The saying goes that ‘it’s not happy people who are thankful, but thankful people who are happy’.
Practicing gratitude daily helps us to remain grounded and appreciative of what we have in our lives. It gives us a greater sense of perspective when things go wrong and empowers us to feel more positive. Yet for all of its benefits, actively practicing gratitude is something most of us don’t do often enough.
Recently, I have found myself beyond grateful for the time I have spent practicing daily gratitude and mindfulness. We have had a few unfortunate circumstances arise in our lives in a short space of time that have been emotionally distressing, stressful and unnerving. It would have been so easy to think ‘why me?’ or ‘what have we done to deserve something this awful?’, but instead I found an underlying sense of calm and purpose in those moments. Although I was shaken, I was able to stand tall and strong in my belief that life is unpredictable and at times unfair. We cannot change what has been done, so we must make a non-judgemental space for our feelings to surface, accept the situation and trust that from it we can learn and evolve.
I first came across the notion of gratitude through guided meditation. Being asked to spend some time thinking about the things in my life for which I am grateful continues to be an interesting journey. Some days I am grateful for my flexible working arrangements that allow me to be a more hands-on step-parent and partner, other times I am grateful for my friends and family who are always there with love and support. The most touching times though are when I am most grateful for things like my sight, ability to walk and having a roof over my head – the things that we often take for granted.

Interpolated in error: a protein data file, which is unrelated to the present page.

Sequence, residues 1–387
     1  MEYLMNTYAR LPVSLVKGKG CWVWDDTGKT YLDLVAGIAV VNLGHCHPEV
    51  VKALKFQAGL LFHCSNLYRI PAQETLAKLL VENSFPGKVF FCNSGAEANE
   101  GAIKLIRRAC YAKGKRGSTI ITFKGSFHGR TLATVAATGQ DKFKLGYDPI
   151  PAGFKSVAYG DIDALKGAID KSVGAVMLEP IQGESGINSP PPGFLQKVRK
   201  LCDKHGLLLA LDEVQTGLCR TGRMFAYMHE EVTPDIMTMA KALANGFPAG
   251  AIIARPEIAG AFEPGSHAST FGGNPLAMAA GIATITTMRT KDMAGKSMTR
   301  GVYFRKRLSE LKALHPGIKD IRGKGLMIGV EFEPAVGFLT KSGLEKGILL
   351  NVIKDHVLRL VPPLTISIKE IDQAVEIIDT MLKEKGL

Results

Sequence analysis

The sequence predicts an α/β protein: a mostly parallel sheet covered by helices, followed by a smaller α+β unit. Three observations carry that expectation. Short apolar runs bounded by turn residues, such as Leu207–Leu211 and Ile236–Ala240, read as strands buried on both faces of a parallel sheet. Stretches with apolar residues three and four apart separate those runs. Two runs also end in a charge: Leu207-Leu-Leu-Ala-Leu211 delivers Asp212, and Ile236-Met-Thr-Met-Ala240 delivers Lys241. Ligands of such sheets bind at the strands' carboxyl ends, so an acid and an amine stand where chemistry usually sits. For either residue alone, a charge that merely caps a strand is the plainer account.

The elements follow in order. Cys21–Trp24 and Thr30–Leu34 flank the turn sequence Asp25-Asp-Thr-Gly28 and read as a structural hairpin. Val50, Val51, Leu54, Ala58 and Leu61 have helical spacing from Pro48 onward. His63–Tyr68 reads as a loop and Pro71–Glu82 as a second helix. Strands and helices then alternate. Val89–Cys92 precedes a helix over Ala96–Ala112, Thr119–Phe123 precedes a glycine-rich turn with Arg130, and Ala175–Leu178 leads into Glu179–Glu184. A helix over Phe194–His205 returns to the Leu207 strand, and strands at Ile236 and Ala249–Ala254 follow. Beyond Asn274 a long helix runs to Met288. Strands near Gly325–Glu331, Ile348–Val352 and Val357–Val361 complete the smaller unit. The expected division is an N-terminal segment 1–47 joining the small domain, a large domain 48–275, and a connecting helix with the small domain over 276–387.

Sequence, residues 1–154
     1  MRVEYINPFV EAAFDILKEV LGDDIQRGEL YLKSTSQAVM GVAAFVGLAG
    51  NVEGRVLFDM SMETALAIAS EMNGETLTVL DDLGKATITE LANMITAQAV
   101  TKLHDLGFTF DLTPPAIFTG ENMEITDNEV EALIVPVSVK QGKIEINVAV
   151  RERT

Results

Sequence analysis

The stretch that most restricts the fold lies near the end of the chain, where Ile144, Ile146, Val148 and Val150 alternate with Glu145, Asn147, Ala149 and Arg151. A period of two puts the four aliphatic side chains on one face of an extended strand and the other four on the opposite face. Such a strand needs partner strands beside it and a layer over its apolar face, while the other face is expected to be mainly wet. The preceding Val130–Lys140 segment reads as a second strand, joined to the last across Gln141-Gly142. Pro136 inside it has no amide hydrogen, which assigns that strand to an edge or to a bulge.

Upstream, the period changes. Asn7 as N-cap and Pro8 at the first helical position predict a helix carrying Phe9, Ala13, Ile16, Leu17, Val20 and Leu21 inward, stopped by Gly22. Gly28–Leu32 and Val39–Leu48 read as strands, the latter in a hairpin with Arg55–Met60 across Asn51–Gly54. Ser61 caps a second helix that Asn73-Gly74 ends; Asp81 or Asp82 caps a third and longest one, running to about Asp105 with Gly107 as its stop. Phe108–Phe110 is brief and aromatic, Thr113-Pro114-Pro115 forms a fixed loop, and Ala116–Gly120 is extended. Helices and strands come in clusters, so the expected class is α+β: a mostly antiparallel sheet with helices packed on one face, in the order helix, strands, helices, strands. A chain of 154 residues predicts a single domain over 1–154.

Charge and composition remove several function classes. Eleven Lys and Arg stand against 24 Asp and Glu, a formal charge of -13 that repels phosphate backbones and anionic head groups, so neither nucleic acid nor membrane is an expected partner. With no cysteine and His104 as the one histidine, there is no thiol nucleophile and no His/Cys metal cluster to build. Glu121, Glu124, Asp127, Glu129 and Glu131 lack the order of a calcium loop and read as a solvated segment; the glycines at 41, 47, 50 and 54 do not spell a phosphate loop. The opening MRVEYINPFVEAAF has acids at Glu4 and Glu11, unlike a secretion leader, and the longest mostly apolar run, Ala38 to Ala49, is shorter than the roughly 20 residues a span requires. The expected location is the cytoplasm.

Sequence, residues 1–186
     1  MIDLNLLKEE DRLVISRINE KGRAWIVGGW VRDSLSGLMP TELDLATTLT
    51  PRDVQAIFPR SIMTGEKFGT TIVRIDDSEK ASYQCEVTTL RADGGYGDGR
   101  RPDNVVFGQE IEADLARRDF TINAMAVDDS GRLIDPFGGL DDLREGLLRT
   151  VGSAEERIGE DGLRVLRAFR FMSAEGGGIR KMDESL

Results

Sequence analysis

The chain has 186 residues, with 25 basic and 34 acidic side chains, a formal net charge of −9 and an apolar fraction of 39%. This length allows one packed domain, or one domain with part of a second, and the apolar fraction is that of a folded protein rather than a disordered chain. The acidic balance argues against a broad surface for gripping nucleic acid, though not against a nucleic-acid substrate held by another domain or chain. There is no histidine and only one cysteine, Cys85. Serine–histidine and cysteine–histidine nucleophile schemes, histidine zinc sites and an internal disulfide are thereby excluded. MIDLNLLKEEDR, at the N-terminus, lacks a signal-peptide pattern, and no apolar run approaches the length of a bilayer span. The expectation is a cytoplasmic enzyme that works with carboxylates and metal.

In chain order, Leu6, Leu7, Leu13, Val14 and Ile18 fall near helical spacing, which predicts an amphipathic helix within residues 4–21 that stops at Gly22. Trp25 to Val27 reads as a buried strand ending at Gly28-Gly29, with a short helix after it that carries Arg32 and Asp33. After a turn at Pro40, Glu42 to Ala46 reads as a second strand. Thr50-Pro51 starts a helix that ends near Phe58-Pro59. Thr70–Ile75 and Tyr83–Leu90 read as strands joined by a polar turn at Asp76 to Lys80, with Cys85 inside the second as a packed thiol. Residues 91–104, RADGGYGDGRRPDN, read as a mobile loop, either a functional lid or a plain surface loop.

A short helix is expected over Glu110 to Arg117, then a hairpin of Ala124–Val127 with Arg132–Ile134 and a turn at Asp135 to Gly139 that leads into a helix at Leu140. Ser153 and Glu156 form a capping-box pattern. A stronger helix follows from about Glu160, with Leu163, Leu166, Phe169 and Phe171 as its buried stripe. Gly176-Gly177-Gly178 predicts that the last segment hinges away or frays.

Sometimes when we think about being grateful, the first things that spring to mind are materialistic. It’s important to know that that’s ok if it’s how you feel at the time, especially if you’ve worked hard to have them. However, I have also found that actively finding gratitude in our current situation, our health and abilities is a very humbling experience that reconnects us with our significance on this Earth.
There are a number of ways that people practice gratitude. Some dedicate a specific activity during the day such as brushing their teeth, while others may wish to be grateful during prayer or meditation. As someone whose schedule changes daily, I’ve personally found that having an app that prompts me to stop and be grateful is the most effective means of practicing daily gratitude.
I was very lucky that a friend gifted me the 5 Minute Journal app after feeling the benefits of it himself. The digital version of the popular journal prompts me morning and night to write three things for which I am grateful, asking me to set positive intentions for the day ahead and encouraging me to reflect upon the day, asking how it could have been even better. Rather than using it as an excuse to pick holes and be negative, I practice self-kindness and consider how I can be even stronger and happier tomorrow.
Being grateful shouldn’t be a chore, and so it is important that we find ways for it to work around our lifestyles. I’d love to hear how you practice gratitude in the comments below.
It seems only fitting that I should wrap up this blog post with some things for which I am grateful, so here is my list from today. I am grateful for the police and emergency service workers who give so much to keep us safe. I am grateful for my friends and family for their love, kindness and support. I am grateful that I can afford therapy, as this has transformed my way of thinking and opinion of myself. I am grateful for my partner and our family as love really is all you need. Finally, I am grateful for my computer and access to the internet, for without it I wouldn’t be able to write this blog post and share my thoughts on the benefits of practicing daily gratitude.
I hope you can find gratitude in elements of your life, regardless of whether it is momentous, materialistic or simply being gifted another day on this Earth.